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Capitalism: Origins, Alternatives, Futures

Capitalism has been the dominant form of social and economic organization since the industrial revolution.  It defines what we eat, what we wear, how we work, and the value of the education we get at places like Princeton University.  Since its dawn, capitalism has also fueled discontent and revolution.  The word itself, coined by William Thackeray in 1854 in his novel The Newcomes, about love, banking, and backstabbing, caught on after Karl Marx’s death in 1883.  It has been the subject of most continuous debate ever since. 

The Liberal Arts & Action Intellectuals

This is a proposed currculum for Swarthmore College as a potential gift from its Class of 1968/.The author led student input into the College's "Red Book" curriculum reforms in the 1960s but is not a faculty member there. When this was written, he was heading a. public policy research center at George Washington University.

A Leadership Gift -- Class of 1968, Swarthmore College

The Problem of Work

We are often told that the nature of work is changing. But how should we
think about it? From the work ethic to emotional labor, housework to service work, welfare to
unions, this tutorial will explore the history of political ideas about work in the twentieth century.
We will combine readings in classic texts in the history of social and political theory, intellectual
history and feminism to provide students with the major conceptual tools for understanding the
transformation of work in the twentieth century, and in our own.

The Intellectual History of Capitalism: 1900-Present

This course explores the intellectual history of capitalism since the end of the nineteenth century.
Readings include texts written by historians, economists, sociologists, and social and political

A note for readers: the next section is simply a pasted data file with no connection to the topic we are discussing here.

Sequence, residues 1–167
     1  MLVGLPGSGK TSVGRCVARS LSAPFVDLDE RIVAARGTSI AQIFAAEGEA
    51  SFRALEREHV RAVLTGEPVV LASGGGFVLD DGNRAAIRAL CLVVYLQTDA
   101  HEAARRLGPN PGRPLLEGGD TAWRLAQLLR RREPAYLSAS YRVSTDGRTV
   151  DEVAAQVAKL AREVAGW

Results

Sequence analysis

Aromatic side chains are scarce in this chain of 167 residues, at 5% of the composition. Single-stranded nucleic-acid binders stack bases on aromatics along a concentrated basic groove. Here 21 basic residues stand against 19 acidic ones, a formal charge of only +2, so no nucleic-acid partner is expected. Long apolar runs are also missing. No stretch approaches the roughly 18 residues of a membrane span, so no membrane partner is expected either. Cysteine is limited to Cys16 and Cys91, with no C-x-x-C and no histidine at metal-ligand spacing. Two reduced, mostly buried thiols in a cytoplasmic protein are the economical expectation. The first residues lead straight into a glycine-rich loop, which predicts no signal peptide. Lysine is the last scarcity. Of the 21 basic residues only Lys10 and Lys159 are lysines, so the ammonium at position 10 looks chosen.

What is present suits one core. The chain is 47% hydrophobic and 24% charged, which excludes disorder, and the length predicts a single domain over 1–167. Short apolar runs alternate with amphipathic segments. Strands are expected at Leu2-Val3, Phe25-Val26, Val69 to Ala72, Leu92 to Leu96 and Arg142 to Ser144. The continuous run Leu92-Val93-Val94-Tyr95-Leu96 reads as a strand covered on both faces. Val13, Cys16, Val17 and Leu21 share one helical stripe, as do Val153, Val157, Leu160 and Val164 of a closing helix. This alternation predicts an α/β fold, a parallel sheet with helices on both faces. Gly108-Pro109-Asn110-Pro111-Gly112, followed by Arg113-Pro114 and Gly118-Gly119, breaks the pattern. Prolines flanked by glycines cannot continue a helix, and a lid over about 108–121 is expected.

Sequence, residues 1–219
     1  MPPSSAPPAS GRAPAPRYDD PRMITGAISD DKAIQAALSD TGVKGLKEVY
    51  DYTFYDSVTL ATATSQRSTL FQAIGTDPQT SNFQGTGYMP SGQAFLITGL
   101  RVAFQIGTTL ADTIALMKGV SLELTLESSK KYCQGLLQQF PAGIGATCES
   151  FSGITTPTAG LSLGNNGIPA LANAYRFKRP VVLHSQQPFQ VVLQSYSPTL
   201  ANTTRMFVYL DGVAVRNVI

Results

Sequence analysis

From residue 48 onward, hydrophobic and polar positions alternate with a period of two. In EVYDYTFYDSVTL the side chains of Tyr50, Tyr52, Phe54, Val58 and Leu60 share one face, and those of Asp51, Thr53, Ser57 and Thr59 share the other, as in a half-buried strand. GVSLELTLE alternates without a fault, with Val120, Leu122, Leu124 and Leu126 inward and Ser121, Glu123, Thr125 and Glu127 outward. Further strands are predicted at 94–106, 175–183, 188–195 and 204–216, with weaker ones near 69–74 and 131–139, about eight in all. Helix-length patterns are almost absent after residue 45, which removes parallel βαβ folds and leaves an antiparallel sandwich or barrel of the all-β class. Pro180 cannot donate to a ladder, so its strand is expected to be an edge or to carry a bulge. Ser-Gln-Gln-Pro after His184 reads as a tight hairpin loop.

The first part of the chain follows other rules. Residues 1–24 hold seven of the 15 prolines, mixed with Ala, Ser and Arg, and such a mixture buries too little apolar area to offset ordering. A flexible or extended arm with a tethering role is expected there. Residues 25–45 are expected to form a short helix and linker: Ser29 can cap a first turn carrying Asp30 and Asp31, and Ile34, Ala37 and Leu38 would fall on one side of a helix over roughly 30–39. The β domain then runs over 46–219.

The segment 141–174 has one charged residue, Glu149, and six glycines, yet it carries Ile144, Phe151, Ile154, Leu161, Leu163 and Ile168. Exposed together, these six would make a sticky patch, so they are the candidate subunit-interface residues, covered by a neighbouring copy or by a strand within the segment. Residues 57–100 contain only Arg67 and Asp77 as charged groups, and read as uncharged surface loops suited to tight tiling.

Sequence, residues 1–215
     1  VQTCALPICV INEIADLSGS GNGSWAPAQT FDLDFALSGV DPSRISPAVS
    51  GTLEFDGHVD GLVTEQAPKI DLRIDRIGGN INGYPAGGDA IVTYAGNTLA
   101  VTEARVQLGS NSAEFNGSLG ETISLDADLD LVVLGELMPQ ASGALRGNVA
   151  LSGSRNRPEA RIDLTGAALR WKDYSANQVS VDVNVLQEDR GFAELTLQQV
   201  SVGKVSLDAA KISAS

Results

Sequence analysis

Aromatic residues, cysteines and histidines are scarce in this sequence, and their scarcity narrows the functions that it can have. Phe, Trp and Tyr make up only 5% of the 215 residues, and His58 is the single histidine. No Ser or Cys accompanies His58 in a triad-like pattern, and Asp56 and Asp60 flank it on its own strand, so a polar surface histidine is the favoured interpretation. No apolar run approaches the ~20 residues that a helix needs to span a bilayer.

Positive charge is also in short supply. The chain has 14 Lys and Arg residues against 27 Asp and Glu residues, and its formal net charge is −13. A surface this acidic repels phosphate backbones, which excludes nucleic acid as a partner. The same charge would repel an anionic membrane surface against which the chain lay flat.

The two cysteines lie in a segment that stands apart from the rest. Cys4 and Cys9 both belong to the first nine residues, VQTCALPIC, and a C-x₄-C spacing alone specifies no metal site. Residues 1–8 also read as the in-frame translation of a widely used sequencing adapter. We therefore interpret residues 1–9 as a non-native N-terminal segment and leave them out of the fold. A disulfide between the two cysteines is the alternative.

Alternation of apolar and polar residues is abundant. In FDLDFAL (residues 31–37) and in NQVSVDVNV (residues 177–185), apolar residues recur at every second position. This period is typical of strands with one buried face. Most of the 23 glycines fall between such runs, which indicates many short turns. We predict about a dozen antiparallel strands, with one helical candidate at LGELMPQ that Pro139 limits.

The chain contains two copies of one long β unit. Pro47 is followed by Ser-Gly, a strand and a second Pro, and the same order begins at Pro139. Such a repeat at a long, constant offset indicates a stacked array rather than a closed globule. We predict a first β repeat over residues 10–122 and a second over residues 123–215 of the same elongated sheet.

theorists, and central topics include the historicization of capitalism, the decline and revival of
laissez-faire, the cultural implications of consumerism, the ethics of inequality, the problem of norms
in the twentieth-century social sciences, and the relationship between the market economy and
democratic governance.

History of Capitalism

In recent years scholars have built upon the work of prior generations of business historians,
labor historians, and economic historians to develop a new field that has become known as the
“history of capitalism.” This seminar will consider the methodologies and substantive
contributions of recent scholarship in the field, in conjunction with classic works on the history
of political economy.

Introduction to Social Studies-Forrester and Terry

Social Studies 10b is an intensive, challenging course designed specifically for sophomores concentrating in Social Studies. This class continues the introduction to the classic texts of social theory begun in Social Studies 10a through the twentieth and early twenty-first centuries. Authors include, among others, Friedrich Nietzsche, Max Weber, Emile Durkheim, W.E.B. Du Bois, Sigmund Freud, Simone de Beauvoir, Frantz Fanon, and Michel Foucault.

U.S. Political and Economic History, 1920 to Present - OMara

Professor Margaret O’Mara’s U.S. Political History, 1920 to Present explores how America’s political and economic spheres have evolved over the past century. The class emphasizes the use of historical knowledge and analysis to support one in understanding the present day more full and, perhaps, to create more effective solutions to today’s most pressing issues.

Introduction to the International Political Economy - Woll

Dr. Cornelia Woll's Introduction to the International Political Economy provides students at Sciences Po Paris with a multidisciplinary perspective on the international political economy; Woll stitches together insights from political science, sociology, anthropology, economics, and history to grant her students a thorough understanding of the evolution of the modern international political economic order. Of particular interest to Dr. Woll are the tensions between capitalism and democracy and between national diversity and the integration of nations into cooperative units.


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